Architect Sencha Docs

Creating App Templates and User Extensions

You can create App Templates and User Extensions to share code with others. The contents of both Templates and User Extensions are displayed in the canvas for the project like all other Architect components. This guide gives instructions for creating Custom App Templates and User Extensions; see the Integrating App Templates and User Extensions guide for information about using these facilities in a project.

  • App Templates can be created using Sencha Architect; User Extensions are usually created outside Sencha Architect.
  • App Templates can only be used when creating a new project; you cannot start a project and then later import a Template. User Extensions are installed as a set of components in the Toolbox that can be imported to your project like any other component.
  • User Extensions enable you to package up a few components that implement some sort of non-standard functionality so it can be easily reused.
  • Custom App Templates are easier and faster to create than User Extension packages.

Sencha Architect also provides facilities that can be used to share individual classes or components with other projects and other users; these are discussed in the Working with Classes guide.

Creating a Custom App Template

A Custom App Template can be created out of any valid Sencha Architect project. Typically, you will create a project that contains only the code that you want used in all projects that are based on this App Template.

A good possible use for a custom App Template would be to create login functionality that can be used in all projects that require the user to log into the company site. Sencha Architect includes App Templates to create Login functionality for either Ext JS or Sencha Touch; you can start with one of these templates or write your own login program starting with a Blank Screen. Typically, you would then customize the view to contain your company name, perhaps create and apply a custom theme that uses your corporate colors, and add hooks to your login infrastructure.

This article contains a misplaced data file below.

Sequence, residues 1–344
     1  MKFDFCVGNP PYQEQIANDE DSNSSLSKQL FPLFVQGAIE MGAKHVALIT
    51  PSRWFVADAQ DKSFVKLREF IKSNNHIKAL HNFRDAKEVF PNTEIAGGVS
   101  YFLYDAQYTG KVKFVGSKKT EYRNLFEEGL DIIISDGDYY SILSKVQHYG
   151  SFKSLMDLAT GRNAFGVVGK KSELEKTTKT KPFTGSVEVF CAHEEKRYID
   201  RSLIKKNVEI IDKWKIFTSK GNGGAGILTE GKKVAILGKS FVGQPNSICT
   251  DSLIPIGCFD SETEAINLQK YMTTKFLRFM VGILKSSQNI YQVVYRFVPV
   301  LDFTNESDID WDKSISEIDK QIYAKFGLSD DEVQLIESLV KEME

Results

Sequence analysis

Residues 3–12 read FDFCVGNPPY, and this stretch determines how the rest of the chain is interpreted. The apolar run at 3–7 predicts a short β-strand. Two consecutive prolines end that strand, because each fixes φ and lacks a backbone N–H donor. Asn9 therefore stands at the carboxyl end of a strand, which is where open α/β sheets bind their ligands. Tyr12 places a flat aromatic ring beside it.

To illustrate this process, we are going to create a very simple Custom Template that is based on the Ext JS Login/Register template; the process is identical if you start with the Sencha Touch Login/Register App Template.

  • Launch Architect and Create a New Project.
  • Choose the Ext JS 4.2.x framework and select the "Login/Register" template from the "Basic" category.
  • With the "MainView" component selected in the App Inspector, double-click on the "Header" string at the top of the Canvas display and replace the text with "Please log into the MyCompany network".
  • Save the project as you would save any other Architect project. Note that the screen displays the actual path where the project will be saved based on what you type in the "Project Name" field.

  • Click on "File" in the Menu Bar and select "Add Template".
  • Choose "Use Current Project" from the pop-up dialog box that is displayed.